Rome: The year 2024 will mark the centenary of the death of one of history’s greatest revolutionaries: Lenin. Communists do not honour such great figures through pilgrimages or ceremonies; we think the best way to honour a great revolutionary is to study and learn their ideas.
It is precisely for this reason that Sinistra Classe Rivoluzione, the Italian section of the International Marxist Tendency, organised a Marxist school on 16-17 December in Milan. The aim of the event was to provide intensive training in the theory, methods and tactics of Lenin, which, if we can master them, are the finest weapons in our arsenal. This is an urgent task, but it has been made complicated by the calumnies of bourgeois academics on the one hand, and the grotesque distortions of Stalinist historians on the other.
200 comrades from 24 cities across Italy participated in this event, including many young comrades who have become members of the IMT in recent months. They were joined online by a hundred comrades who followed the livestream.
It was two days of intense discussions, involving both plenary meetings and smaller workshops. Some of the talks are already available to watch in Italian via Youtube, while the others will be made available in the coming days.
The Saturday morning plenary, introduced by Alessandro Giardiello, was dedicated to providing a political biography of Lenin. Alessandro looked at the contributions Lenin made to the advancing of Marxist theory and the construction of the party, which he was able to masterfully guide through the changing political situation, from its beginnings in small circles to the conquest of the masses in the October Revolution.
Building the revolutionary party is the first task of every communist. The discussion on party building, introduced by Serena Capodicasa, explained the lessons of Lenin’s masterful work What is to be done?, written in the context of the ideological battle against economism.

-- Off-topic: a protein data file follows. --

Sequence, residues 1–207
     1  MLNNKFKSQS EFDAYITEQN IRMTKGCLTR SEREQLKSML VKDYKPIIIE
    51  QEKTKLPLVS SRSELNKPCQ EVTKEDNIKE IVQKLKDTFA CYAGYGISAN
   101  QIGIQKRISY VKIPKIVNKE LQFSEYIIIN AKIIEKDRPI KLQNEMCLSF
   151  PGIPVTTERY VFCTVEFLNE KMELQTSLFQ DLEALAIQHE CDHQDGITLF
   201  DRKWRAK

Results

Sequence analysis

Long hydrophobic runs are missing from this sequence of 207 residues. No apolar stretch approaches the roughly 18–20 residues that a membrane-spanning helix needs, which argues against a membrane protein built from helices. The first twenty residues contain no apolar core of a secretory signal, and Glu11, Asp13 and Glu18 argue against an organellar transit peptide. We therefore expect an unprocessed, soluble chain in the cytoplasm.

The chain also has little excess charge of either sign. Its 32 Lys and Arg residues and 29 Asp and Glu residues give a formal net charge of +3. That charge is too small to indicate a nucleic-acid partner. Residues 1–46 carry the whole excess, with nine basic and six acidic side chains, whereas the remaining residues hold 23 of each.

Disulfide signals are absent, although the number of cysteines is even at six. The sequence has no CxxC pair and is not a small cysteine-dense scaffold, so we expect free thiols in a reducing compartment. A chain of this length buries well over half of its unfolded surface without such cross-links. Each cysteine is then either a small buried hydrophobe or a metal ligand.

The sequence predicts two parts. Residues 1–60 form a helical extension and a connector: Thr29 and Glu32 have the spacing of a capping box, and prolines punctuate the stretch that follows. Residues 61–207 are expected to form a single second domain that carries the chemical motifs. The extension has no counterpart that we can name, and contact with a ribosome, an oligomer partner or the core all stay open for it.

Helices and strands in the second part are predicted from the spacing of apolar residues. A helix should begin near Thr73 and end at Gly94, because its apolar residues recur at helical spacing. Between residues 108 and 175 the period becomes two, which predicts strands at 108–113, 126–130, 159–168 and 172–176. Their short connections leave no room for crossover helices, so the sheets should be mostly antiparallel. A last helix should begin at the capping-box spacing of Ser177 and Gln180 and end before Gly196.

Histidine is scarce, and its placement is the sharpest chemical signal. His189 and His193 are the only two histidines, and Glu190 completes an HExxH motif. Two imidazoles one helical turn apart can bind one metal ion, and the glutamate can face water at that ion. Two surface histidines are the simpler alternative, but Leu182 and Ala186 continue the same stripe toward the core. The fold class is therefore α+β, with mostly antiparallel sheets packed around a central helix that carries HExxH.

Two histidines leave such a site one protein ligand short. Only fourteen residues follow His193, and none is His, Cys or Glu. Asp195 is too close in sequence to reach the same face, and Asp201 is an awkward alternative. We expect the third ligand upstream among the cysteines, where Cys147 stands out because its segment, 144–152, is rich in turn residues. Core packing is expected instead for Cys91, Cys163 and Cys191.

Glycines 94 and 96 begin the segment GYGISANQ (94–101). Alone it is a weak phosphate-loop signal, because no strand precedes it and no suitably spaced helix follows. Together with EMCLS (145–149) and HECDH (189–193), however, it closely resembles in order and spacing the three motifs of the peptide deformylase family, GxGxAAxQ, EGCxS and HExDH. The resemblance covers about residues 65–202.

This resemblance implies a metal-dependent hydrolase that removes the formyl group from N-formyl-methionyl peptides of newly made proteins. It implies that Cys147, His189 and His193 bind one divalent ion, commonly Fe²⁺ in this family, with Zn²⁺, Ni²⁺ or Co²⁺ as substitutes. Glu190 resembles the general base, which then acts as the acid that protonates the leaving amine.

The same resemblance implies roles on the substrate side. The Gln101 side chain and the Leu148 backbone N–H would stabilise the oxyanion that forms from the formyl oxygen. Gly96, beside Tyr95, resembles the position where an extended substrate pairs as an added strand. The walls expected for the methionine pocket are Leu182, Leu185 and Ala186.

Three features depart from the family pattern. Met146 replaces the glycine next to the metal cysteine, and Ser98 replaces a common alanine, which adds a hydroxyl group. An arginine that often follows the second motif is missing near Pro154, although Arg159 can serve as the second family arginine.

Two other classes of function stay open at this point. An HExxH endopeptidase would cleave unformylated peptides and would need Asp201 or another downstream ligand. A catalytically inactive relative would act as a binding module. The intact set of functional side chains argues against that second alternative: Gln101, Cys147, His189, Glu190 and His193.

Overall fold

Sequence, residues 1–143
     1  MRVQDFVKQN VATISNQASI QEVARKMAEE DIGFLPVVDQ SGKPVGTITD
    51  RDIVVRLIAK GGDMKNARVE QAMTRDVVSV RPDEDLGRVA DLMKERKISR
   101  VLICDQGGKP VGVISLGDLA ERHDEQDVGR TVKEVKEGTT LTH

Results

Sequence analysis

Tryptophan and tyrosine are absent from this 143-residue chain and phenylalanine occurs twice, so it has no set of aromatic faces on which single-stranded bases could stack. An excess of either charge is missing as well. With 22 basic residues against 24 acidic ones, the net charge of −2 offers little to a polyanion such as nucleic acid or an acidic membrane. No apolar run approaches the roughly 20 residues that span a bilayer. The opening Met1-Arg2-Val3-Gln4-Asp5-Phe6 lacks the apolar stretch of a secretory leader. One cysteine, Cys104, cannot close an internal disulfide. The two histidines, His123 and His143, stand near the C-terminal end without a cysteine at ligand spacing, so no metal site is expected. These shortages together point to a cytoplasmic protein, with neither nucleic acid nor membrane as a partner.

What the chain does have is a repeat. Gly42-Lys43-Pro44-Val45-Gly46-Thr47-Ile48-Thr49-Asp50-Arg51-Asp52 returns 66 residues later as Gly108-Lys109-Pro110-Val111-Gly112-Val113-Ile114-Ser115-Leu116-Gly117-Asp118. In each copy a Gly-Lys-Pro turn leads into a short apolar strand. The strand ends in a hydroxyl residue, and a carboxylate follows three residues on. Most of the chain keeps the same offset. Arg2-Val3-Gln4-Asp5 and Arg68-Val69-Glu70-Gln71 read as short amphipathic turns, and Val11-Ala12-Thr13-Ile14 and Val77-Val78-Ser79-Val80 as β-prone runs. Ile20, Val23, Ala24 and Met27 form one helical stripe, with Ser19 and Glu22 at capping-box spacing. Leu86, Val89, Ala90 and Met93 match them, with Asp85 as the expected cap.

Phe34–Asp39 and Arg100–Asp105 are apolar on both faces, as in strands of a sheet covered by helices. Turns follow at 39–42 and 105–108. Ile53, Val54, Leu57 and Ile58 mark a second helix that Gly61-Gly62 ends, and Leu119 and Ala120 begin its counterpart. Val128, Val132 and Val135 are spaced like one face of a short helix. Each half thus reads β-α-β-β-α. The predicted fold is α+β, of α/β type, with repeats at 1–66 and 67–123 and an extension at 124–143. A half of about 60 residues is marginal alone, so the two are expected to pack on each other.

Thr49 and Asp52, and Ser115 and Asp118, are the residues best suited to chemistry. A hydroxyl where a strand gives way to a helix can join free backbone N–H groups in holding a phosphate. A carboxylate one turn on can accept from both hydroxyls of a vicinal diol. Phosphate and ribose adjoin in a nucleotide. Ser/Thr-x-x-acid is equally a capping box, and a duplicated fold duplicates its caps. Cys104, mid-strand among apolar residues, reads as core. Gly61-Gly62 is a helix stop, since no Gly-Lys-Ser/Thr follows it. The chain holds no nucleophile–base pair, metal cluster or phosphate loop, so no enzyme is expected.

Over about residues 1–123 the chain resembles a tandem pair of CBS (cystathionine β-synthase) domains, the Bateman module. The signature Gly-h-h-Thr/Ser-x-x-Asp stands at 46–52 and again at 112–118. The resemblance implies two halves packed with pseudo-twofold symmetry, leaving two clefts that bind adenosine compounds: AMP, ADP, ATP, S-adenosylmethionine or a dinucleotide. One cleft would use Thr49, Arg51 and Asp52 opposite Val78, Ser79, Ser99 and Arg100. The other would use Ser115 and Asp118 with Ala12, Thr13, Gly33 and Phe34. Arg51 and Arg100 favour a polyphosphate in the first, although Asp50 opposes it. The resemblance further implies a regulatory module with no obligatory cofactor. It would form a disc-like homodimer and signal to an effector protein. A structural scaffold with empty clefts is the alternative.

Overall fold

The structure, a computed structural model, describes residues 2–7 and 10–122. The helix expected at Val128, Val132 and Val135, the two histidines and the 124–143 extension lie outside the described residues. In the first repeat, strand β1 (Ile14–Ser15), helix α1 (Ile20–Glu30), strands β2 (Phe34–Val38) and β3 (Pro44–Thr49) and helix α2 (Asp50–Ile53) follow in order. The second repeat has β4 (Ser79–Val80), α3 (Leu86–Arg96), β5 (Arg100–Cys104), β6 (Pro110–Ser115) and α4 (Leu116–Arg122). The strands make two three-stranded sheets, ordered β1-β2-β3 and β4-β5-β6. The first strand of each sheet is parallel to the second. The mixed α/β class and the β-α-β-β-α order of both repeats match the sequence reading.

In this text, Lenin explains the fundamental features of party building, such as the need to subordinate the economic struggle to the political struggle, in order to liberate workers not only from economic exploitation, but also from national and political exploitation. Serena also explained the need for a national and international organisation, a newspaper as a collective organiser, and the methods of democratic centralism (“maximum freedom of discussion, maximum unity of action”). However, it was also explained that Lenin always knew how to adapt organisational methods to the changing concrete conditions, in order to be able to connect the party with the masses, starting with the most advanced layers.
The panel on the Marxist view of the state, introduced by Franco Bavila, dealt with Lenin’s writings on the state. In his State and Revolution, Lenin draws on the ideas of Marx and Engels to explain the oppressive and class nature of the State, which is a means of the ruling class to maintain power through violence. Franco explained that in a healthy transition to a socialist society, workers are increasingly involved in the management of their lives, so that the state gradually withers away. Lenin’s vision of the state has nothing to do with the huge bureaucratic apparatus of the Stalinist USSR or the ruthless tool of a tyrant – this is precisely why this part of his thought is so often distorted.